Acyclovir is excreted into and concentrated in human milk. Adverse effects in breast-feeding infants associated with exposure to acyclovir via breast milk have not been reported in the literature. Acyclovir is considered compatible with breast-feeding by the American Academy of Pediatrics. Moreover, acyclovir is used to treat viral infections in neonates.

See references

References for pregnancy information

  1. Randolph AG, Hartshorn RM, Washington AE "Acyclovir prophylaxis in late pregnancy to prevent neonatal herpes: a cost-effectiveness analysis." Obstet Gynecol 88 (1996): 603-10
  2. Brown ZA, Baker DA "Acyclovir therapy during pregnancy." Obstet Gynecol 73 (1989): 526-31
  3. U.S. Department of Health and Human Services, Public Health Service, Centers for Disease Control "1993 Sexually Transmitted Diseases Treatment Guidelines." MMWR Morb Mortal Wkly Rep 42 (1993): 27-46
  4. Frieden FJ, Ordorica SA, Goodgold AL, Hoskins IA, Silverman F, Young BK "Successful pregnancy with isolated herpes simlex virus encephalitis:case report and review of the literature." Obstet Gynecol 75 (1990): 511-3
  5. "Product Information. Zovirax (acyclovir)." Glaxo Wellcome, Research Triangle Park, NC.
  6. Stiffman MN, Adam P "Acyclovir in pregnancy for primary prevention of neonatal herpes." J Fam Pract 44 (1997): 29-30
  7. Gilbert GL "Chickenpox during pregnancy.." BMJ 306 (1993): 1079-80
  8. Briggs GG, Freeman RK, Yaffe SJ.. "Drugs in Pregnancy and Lactation. 7th ed." Philadelphia, PA: Lippincott Williams & Wilkins (2005):
  9. Johnson LG, Saldana LR "Herpes simplex virus hepatitis in pregnancy - a case report." J Reprod Med 39 (1994): 544-6
  10. Fletcher CV "The placental transport and use of acyclovir in pregnancy." J Lab Clin Med 120 (1992): 821-2
  11. Smego RA Jr, Asperilla MO "Use of acyclovir for varicella pneumonia during pregnancy." Obstet Gynecol 78 (1991): 1112-6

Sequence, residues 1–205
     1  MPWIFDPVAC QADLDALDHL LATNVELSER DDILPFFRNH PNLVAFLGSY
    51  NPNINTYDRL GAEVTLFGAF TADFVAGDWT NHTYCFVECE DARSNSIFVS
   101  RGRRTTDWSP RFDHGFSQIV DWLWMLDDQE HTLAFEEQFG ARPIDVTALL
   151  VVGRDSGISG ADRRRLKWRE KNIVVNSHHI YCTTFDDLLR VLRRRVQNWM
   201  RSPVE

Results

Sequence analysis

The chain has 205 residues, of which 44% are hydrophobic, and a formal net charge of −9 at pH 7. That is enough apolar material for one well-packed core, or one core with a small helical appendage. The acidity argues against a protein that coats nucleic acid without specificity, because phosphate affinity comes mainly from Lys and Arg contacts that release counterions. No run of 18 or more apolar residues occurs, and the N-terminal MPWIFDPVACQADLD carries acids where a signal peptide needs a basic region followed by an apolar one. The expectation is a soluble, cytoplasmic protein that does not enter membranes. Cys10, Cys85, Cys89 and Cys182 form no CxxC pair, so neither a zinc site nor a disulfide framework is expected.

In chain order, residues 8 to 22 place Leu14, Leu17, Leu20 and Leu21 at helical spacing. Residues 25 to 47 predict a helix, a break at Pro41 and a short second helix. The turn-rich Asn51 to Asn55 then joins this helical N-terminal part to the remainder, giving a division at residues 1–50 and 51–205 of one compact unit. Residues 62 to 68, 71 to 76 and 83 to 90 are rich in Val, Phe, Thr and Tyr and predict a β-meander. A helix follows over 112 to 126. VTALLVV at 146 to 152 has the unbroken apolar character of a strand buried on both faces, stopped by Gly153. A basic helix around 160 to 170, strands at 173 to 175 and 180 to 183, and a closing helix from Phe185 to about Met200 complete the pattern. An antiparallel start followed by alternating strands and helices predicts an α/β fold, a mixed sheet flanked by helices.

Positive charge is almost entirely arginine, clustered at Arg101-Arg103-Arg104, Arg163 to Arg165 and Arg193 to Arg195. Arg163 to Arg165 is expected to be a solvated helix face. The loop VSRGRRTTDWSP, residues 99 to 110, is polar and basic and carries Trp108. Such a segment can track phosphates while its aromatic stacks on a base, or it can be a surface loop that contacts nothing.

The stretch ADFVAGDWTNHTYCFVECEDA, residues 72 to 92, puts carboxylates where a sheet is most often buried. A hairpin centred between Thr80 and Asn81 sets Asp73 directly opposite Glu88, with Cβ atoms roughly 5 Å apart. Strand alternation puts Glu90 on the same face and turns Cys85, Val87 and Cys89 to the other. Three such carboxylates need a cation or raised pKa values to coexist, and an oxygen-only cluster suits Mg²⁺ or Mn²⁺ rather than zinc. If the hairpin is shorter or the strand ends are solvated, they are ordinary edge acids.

12. CDC "Pregnancy outcomes following systemic prenatal acyclovir exposure--June 1, 1984-June 30, 1993." MMWR Morb Mortal Wkly Rep 42 (1993): 806-9
  13. Brown ZA, Watts DH "Antiviral theapy in pregnancy." Clin Obstet Gynecol 33 (1990): 276-89
  14. Henderson GI, Hu ZQ, Johnson RF, Perez AB, Yang Y, Schenker S "Acyclovir transport by the human placenta." J Lab Clin Med 120 (1992): 885-92
  15. Glorioso DV, Molloy PJ, Van Thiel DH, Kania RJ "Successful empiric treatment of HSV hepatitis in pregnancy. Case report and review of the literature." Dig Dis Sci 41 (1996): 1273-5
  16. Scott LL, Sanchez PJ, Jackson GL, Zeray F, Wendel GD "Acyclovir suppression to prevent cesarean delivery after first-episode genital herpes." Obstet Gynecol 87 (1996): 69-73
  17. Whitty JE, Renfroe YR, Bottoms SF, Isada NB, Iverson R, Cotton DB "Varicella pneumonia in pregnancy: clinical experience." Am J Obstet Gynecol 168 (1993): 427
  18. Hankey GJ, Bucens MR, Chambers JS "Herpes simplex encephalitis in third trimester of pregnancy: successful outcome for mother and child." Neurology 37 (1987): 1534-7
  19. Frenkel LM, Brown ZA, Bryson YJ, et al "Pharmacokinetics of acyclovir in the term human pregnancy and neonate." Am J Obstet Gynecol 164 (1991): 569-76